On appeal from the Superior Court, Appellate Division.
Chief Justice Wilentz and Justices Pollock, O'hern and Garibaldi join in this Per Curiam opinion. Justice Handler filed a separate Dissenting opinion in which Justice Stein joins. Justice Coleman did not participate.
(This syllabus is not part of the opinion of the Court. It has been prepared by the Office of the Clerk for the convenience of the reader. It has been neither reviewed nor approved by the Supreme Court. Please note that, in the interests of brevity, portions of any opinion may not have been summarized).
DENNIS MAZZA V. BOARD OF TRUSTEES, POLICE AND FIREMEN'S RETIREMENT SYSTEM (A-21-95)
Argued September 26, 1995 - Decided December 18, 1995
Dennis Mazza, a park patrolman for the Essex County Park Commission for over sixteen years, seeks accidental disability benefits for an injury that occurred while on mounted patrol in the South Mountain Reservation. As Mazza was attempting to cross a stream, his horse unexpectedly bucked and reared up," causing his body to twist in the saddle and suffer a disabling rupture of spinal discs. Officer Mazza's body went numb; he slumped over and lay on the saddle until his horse brought him back to the stable. The injury left Mazza permanently disabled.
Officer Mazza will receive ordinary disability benefits, equal to about forty percent of his average final compensation. Mazza seeks additional compensation up to an approximate total of sixty-six and two-thirds percent of final compensation if the disability is determined to be "a direct result of a traumatic event occurring as a result of...regular or assigned duties..."
Accidental disability entitles an injured or disabled employee to greater benefits than he or she would receive on retirement for an ordinary disability. To qualify for accidental disability, a member of the Police and Firemen's Retirement System (PERS) must: 1) be permanently or totally disabled as a direct result of a traumatic event occurring during and as a direct result of the performance of their regular duties; 2) not suffer the disability because of the member's willful negligence; and 3) be mentally or physically incapacitated from the performance of his or her usual duty or any other available duty.
It is undisputed that Mazza has established the second and third requirements for accidental disability benefits. The Division of Pensions and Benefits determined that Mazza did not satisfy the first requirement that the injury be the result of a traumatic event. Following the Report and Recommendation of an Administrative Law Judge empaneled to hear Mazza's appeal of the rejection of his claim, the Board of Trustees of PERS (Board) reaffirmed its original decision denying accidental disability benefits.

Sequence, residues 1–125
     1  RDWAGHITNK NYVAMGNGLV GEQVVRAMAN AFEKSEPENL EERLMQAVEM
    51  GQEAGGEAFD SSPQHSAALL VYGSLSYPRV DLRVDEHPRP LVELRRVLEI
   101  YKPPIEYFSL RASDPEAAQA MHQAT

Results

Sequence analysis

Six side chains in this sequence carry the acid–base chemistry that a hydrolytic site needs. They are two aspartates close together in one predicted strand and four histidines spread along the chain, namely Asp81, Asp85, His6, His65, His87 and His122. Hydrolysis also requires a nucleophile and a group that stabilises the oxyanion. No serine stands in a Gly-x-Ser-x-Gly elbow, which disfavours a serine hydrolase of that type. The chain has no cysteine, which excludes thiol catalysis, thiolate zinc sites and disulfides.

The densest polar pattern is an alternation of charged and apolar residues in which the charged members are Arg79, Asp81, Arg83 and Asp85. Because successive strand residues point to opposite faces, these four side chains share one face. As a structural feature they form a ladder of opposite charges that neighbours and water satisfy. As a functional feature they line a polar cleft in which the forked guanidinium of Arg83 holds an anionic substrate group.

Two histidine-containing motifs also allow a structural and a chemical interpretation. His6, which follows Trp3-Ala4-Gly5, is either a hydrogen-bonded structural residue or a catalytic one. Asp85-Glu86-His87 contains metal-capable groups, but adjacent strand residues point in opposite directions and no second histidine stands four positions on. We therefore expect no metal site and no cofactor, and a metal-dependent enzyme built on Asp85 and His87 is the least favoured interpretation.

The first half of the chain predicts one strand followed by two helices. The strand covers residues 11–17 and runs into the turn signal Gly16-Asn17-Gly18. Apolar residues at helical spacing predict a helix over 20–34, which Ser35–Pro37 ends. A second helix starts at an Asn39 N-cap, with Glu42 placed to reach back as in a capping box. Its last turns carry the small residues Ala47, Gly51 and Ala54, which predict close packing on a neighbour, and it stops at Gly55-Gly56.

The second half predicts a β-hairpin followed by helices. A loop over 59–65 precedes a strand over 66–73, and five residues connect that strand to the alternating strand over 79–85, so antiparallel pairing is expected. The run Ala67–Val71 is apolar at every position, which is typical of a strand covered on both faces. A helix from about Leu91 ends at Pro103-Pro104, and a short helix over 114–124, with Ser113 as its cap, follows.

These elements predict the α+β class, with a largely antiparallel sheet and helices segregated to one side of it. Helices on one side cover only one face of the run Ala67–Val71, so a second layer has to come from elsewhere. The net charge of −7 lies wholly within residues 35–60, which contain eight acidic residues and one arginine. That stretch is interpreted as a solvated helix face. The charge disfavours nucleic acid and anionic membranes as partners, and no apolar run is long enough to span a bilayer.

Mazza appealed to the Appellate Division. A majority of that court affirmed the decision of the Board. One member of the panel Dissented, reasoning that the ALJ had created an artificial form of disqualification for "lifting and twisting cases" and that, in this case, although Mazza was not thrown from the horse onto a hard surface, the violent twisting force of the large horse met the definition of a traumatic event because it clearly constituted a great rush of force or uncontrollable power and was not expected by the officer.
Mazza appealed to the Supreme Court as or right based on the Dissent in the Appellate Division.
HELD: Under the circumstances of this case, the twisting that was the source of Dennis Mazza's injuries was not a traumatic event entitling him to accidental disability benefits because it did not involve a great rush of force or uncontrollable power.
1. The Board and the Appellate Division did not create an artificial category of disqualification for accidental disability benefits, but rather found, under the standards of Kane v. Board of Trustees. Police &Firemen's Retirement System, that Mazza was not injured in a traumatic event that would entitle him to accidental disability benefits. (p. 3)
2. For an injury to arise from a traumatic event and qualify for accidental disability benefits, a worker must establish that: 1) his or her injuries were not induced by the stress or strain of normal work effort; 2) he or she met involuntarily with the object or matter that was the source of the harm; and 3) the source of the injury was a great rush of force or uncontrollable power. As found by the ALJ, the third factor was not satisfied on the ...